Mark Messier has had his eye on the news lately.
The Hall of Fame centre said Tuesday he's been monitoring the ongoing dispute between Oilers owner Daryl Katz and the City of Edmonton as well as the NHL's ongoing lockout.
Katz recently found himself in hot water after threatening to move the Oilers to Seattle when negotiations broke down with Edmonton's City Council over funding a new arena in the downtown core.
Messier, who was available to media while promoting Bauer Hockey's new global iniative to increase participation in the sport, sympathized with the embattled Katz.
"It's a dream come true for him to be able to have the resources to own the team and what he's trying to do is quite remarkable in the area there, to sustain the team there for the next 20, 30 years," said Messier, an Edmonton native who won five Stanley Cups with the Oilers. "I think the communications are a little mixed up there and hopefully they get it straightened out and they move forward and get the new arena and revitalize the downtown area."
Katz apologized for meeting with officials in Seattle last week in full-page ads in Edmonton-area newspapers that ran Saturday and then gave a radio interview on Monday where he explained that he reacted emotionally to the frustrated negotiations with the City of Edmonton.
The Oilers owner added that "there was probably a little too much (bare-knuckled Mark) Messier and not enough (graceful Wayne) Gretzky in the way that we conveyed things."
For his part, Messier laughed off the analogy.
"I've said for years I wish I had more finesse like Gretzky," said Messier.
Messier, who is now the current special assistant to the president and general manager of the New York Rangers, has also been following the NHL's labour dispute.
"I'm kind of on standby with everybody else, waiting for the people who are at the negotiation table to hopefully come up with some resolution," said Messier. "I think that will happen in the near future instead of waiting too long."
Gretzky, Messier's former teammate on the Oilers and Rangers, said in an interview Monday that he believes the lockout will be done by Jan. 1, in time for the annual outdoor Winter Classic.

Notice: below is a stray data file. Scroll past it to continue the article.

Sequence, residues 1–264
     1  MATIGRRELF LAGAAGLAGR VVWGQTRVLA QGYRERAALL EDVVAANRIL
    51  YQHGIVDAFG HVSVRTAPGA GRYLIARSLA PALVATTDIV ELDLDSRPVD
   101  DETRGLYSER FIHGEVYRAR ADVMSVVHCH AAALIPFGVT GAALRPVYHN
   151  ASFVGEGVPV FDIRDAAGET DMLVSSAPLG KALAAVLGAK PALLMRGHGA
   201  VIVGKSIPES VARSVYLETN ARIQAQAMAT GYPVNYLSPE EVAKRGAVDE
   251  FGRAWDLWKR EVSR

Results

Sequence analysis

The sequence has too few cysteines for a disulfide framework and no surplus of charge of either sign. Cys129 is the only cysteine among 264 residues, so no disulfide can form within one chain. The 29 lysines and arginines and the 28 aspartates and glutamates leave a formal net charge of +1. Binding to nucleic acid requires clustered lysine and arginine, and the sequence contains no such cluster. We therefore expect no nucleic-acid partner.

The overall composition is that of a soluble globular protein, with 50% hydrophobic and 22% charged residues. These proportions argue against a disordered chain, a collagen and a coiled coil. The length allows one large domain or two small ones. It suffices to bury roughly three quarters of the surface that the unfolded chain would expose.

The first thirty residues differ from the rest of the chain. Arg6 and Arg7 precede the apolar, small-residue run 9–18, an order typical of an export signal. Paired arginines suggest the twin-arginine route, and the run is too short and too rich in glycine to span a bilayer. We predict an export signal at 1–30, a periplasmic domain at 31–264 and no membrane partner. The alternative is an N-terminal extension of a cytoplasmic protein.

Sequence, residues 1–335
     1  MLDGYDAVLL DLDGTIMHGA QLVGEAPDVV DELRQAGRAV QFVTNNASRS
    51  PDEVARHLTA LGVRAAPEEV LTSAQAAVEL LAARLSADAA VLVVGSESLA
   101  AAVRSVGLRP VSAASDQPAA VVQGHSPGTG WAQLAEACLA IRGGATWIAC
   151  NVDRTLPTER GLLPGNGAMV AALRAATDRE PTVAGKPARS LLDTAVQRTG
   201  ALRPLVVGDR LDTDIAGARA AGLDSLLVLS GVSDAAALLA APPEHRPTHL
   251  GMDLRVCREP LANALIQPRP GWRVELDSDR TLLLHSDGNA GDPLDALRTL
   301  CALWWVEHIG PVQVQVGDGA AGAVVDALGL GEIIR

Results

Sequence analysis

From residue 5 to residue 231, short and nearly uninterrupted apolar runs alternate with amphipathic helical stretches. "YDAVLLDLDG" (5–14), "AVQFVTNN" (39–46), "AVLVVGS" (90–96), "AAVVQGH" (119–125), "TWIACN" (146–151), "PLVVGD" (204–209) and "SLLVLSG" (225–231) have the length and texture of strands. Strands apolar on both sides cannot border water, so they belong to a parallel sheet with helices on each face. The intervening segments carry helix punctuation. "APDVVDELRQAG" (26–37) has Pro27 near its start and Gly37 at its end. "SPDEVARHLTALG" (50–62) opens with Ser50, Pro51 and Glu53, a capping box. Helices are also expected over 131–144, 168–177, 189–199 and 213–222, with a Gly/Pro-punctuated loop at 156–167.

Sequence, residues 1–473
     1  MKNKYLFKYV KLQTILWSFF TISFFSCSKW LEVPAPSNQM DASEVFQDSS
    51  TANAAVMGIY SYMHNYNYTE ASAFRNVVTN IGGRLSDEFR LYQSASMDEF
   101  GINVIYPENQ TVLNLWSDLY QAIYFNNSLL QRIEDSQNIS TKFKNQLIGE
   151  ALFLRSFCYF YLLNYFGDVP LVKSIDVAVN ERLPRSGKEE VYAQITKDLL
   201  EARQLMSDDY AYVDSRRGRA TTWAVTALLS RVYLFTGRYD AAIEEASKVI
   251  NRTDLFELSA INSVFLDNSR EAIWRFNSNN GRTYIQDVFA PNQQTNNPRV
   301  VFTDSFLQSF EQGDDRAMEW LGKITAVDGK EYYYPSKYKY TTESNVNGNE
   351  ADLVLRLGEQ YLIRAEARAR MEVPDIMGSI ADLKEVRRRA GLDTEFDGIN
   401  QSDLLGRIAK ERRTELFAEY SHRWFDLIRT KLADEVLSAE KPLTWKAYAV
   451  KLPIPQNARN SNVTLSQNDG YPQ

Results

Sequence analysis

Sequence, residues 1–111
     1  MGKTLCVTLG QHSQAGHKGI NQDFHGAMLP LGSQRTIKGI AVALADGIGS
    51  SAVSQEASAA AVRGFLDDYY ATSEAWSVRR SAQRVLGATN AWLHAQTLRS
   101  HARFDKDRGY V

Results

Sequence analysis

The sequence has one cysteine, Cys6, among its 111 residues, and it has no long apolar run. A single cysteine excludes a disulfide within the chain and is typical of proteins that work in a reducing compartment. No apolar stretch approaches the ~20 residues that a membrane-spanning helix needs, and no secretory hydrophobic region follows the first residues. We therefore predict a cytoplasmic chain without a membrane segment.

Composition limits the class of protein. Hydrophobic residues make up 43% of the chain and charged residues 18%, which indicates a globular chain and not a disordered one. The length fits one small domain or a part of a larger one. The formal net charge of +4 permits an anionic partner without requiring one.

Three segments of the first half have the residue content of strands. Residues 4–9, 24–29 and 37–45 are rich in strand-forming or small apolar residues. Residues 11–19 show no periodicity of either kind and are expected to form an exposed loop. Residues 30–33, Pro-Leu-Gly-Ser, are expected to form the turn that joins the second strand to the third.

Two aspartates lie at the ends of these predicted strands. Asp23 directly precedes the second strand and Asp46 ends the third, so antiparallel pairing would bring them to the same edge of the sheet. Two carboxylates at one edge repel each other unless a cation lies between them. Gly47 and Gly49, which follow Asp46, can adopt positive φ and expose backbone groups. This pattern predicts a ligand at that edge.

Messier agrees that New Year's Day is an important milestone for the NHL.
"I think that, obviously, (Jan. 1) is a critical date for the game because that's kind of become our staple along with the Stanley Cup finals and the All-Star Game," he said. "Those are probably three of the events all year that everybody looks forward to, not only people in the game but the people outside the game."
Messier has teamed with Bauer Hockey to elevate safety education and awareness, while growing participation in the sport.
Bauer announced a 10-year program on Tuesday designed to research participation in hockey in an effort to understand what keeps young players out of the game.
"We have a pilot program that we're kicking off with Hockey Canada in (Ontario and Nova Scotia) and we're going to do some research and find out not just what happens when families decide to join the game of hockey and whether they stay in it, that has been a primary focus previously, but to find out why families don't choose hockey, and see what corrective actions can be taken," said Kevin Davis, president and CEO of Bauer Performance Sports.
"One thing that we know for sure is that it's not a cookie-cutter approach.
"What works in one province may not work in another, what works in one country won't work in another, per se, but we're trying to find out what the best practices are what the needs are of those families and make sure they have some exposure to this great sport."
Bauer hopes to help add a million extra players to the sport—on top of current growth projections—by 2022.
That goal dovetails with the Messier Project, which seeks to educate players and parents about concussion safety.
"We're very excited to join Bauer and hear what their mission is in this area and I think, together, in a collaboration, we can make a strong team and we can tackle the problem," said Messier.
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